Xi Jinping critic to file legal action to clear name over solicitation of prostitution charges

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Xu Zhangrun, the Chinese law school professor known for his outspoken criticism of Chinese leader Xi Jinping, is seeking to overturn the solicitation of prostitution charges that he says was trumped up to justify his dismissal as a professor.

The former Tsinghua University Law School professor – who was expelled from his teaching position for allegedly soliciting a prostitute – has for the first time appeared in public to deny the criminal charge and initiated legal action to clear his name, his friends and supporters told RFA.

After Xu completed his home quarantine, on Tuesday, he formally retained attorneys Mo Shaoping and Shang Baojun as his lawyers, his friends and supporters told RFA.

Xu, who had taught at Tsinghua for 20 years, was sacked because of “moral corruption”, according to a dismissal letter issued by the university.

According to sources close the professor, Xu completely denies the police allegation against him of soliciting a prostitute – a charge that emerged after Xu had published a series of articles and open letters critical of the ruling Chinese Communist Party and its supreme leader Xi Jinping.

“Professor Xu has publicly denied the allegation of soliciting a prostitute. This is sheer fiction, nothing but a frame job. And he never admitted to soliciting a prostitute when he was interrogated by the authorities,” said the friend, who requested anonymity to speak freely about the case.

In December 2019, Xu and other prominent legal scholars went to the Sichuan Province capital of Chengdu for a brainstorming meeting,

Xu was questioned by the Beijing Domestic Security Bureau of the Ministry of Public Security, the Beijing Municipal police, and the Chengdu Municipal police.

Authorities in Beijing detained Xu on the morning of July 6 after he called online for political reforms, on allegations of “seeking out prostitutes.”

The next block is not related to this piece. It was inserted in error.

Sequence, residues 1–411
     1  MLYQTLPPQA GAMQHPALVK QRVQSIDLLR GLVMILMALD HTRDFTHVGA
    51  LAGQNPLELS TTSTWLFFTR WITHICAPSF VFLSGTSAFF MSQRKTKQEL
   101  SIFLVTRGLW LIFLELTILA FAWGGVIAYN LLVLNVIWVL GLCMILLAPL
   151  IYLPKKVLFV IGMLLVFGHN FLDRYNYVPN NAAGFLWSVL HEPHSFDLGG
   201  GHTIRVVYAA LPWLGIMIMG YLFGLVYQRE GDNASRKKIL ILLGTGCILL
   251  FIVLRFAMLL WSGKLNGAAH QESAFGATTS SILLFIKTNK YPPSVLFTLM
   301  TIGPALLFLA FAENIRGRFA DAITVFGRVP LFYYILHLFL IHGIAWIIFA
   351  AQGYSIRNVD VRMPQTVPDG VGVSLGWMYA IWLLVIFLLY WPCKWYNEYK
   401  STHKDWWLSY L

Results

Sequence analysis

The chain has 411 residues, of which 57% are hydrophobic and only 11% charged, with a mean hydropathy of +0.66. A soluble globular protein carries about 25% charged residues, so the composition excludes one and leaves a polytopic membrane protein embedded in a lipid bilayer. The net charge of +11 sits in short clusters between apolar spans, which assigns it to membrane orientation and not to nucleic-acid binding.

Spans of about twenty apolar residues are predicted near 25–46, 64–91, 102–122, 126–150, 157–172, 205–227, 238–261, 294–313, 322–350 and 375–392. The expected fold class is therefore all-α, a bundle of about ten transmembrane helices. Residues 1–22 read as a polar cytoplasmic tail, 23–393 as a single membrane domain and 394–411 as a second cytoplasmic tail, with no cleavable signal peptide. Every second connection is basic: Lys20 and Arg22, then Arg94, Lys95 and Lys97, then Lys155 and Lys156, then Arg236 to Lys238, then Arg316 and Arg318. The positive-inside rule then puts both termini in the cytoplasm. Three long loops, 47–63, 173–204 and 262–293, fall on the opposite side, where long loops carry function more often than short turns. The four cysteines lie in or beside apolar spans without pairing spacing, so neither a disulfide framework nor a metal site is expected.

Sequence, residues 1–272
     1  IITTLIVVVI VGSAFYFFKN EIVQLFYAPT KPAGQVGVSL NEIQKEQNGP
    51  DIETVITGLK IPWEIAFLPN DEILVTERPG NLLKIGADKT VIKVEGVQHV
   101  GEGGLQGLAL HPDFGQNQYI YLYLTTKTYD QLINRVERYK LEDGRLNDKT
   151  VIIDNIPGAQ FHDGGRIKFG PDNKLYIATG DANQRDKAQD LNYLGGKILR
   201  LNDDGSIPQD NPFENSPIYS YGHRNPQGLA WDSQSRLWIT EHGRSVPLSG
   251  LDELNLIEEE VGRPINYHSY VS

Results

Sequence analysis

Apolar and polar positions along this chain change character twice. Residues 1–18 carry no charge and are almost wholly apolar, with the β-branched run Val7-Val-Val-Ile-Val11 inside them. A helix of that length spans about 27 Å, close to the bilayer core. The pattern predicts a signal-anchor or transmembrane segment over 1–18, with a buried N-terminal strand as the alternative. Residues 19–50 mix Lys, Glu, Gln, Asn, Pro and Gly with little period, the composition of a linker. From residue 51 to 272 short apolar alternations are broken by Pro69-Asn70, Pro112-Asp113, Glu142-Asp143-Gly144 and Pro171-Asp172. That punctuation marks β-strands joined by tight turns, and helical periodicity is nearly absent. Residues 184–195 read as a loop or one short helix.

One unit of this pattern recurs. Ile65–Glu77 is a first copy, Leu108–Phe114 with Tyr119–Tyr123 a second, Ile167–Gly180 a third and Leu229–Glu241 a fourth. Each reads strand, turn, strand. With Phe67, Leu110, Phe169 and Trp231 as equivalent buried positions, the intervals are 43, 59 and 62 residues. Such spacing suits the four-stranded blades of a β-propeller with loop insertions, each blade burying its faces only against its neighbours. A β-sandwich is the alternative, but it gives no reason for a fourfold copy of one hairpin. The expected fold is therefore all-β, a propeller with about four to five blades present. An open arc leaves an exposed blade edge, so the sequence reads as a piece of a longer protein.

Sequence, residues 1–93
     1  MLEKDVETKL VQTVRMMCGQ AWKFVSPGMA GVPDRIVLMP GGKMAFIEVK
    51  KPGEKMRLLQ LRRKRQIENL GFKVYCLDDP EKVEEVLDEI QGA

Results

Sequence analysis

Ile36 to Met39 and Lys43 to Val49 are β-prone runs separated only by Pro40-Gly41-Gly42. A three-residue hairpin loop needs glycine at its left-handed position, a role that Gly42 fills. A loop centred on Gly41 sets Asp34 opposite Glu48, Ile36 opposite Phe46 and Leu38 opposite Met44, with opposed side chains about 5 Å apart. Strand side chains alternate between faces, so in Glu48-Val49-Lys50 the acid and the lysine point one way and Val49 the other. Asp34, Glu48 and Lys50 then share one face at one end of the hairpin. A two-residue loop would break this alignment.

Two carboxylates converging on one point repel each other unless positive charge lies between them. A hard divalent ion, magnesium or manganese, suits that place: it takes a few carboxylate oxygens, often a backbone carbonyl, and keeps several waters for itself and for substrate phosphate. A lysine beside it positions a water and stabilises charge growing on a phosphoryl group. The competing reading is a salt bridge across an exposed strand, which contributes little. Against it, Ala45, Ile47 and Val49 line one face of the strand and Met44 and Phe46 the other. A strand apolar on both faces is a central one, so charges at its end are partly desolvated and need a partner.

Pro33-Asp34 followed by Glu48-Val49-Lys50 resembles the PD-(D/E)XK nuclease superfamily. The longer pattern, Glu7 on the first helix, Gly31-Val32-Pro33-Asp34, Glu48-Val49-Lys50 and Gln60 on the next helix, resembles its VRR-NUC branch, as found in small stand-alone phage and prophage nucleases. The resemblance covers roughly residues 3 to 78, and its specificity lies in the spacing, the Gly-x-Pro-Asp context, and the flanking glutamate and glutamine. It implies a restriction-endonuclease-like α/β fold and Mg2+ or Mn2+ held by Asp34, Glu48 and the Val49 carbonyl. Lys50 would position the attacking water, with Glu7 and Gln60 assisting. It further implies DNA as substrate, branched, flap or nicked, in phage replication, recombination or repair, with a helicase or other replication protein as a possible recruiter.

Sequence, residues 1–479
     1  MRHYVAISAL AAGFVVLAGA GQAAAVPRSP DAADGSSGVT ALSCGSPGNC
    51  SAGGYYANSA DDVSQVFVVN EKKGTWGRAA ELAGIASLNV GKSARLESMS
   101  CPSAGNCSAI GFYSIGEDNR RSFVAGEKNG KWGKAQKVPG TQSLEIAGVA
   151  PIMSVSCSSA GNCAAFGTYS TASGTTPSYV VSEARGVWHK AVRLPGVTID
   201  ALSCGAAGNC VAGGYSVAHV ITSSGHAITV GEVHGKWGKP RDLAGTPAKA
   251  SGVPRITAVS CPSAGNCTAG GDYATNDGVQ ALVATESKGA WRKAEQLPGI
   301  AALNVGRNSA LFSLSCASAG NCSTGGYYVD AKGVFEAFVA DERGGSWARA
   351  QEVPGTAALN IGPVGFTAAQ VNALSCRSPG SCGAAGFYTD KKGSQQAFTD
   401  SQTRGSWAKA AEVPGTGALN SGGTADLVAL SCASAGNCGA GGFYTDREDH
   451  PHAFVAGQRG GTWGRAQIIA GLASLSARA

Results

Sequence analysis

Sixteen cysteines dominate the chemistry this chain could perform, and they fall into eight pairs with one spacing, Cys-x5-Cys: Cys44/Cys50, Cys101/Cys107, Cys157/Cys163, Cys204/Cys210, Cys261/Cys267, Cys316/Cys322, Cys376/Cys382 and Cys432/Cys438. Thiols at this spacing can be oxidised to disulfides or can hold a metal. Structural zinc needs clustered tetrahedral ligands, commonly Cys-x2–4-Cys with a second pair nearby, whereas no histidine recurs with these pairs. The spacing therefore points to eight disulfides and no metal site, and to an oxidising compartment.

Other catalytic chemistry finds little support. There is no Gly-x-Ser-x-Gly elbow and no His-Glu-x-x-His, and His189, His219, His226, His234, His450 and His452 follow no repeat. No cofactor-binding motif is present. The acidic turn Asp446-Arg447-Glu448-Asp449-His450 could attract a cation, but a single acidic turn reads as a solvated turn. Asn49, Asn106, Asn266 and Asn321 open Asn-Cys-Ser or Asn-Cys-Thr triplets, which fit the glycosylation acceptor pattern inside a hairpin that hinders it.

He was released a week later, but later told the media that he had been fired from his teaching post and subjected to public sanctions for “moral corruption” by Tsinghua University’s law school.

His attorneys will file a request for administrative redress or a lawsuit against the police in accord with his wishes, his friend said.

The authorities have so far failed to produce any evidence of Xu’s suspected involvement in soliciting a prostitute, including mobile phone records, hotel surveillance tapes and transfer records, the source said.

“For the police to successfully prosecute soliciting of a prostitute, they must produce solid evidence. But the public security organs produced no evidence, for example any video,” the source said.

It is understood that Tsinghua University decided to expel him as early as when he was detained, and dispatched an official to the detention centre to read out his expulsion notice.

A fellow Tsinghua University scholar, who declined to be named in order to discuss Xu’s case, described his retention of lawyers as a last-ditch counterattack against the authorities.

Although the Chinese legal system is of limited utility in protecting defendants’ rights, Chinese intellectuals’ use of the legal space to defend their dignity is seen by Xu’s supporters as more important than the result of the case, the colleague said.

Since party general secretary Xi began an indefinite second term in office in March 2018, his administration has stepped up a purge of liberal intellectuals from higher education institutions.

Friends said at the time of Xu’s detention that it could be linked to the publication of one of his books in New York last month, a collection of some of his most controversial essays and articles.

In a 10,000-word essay dated May 21, 2020, Xu described China as isolated from “global civilization,” which would de-Sinicize in the wake of the coronavirus pandemic. (Source: RFA)

 

 

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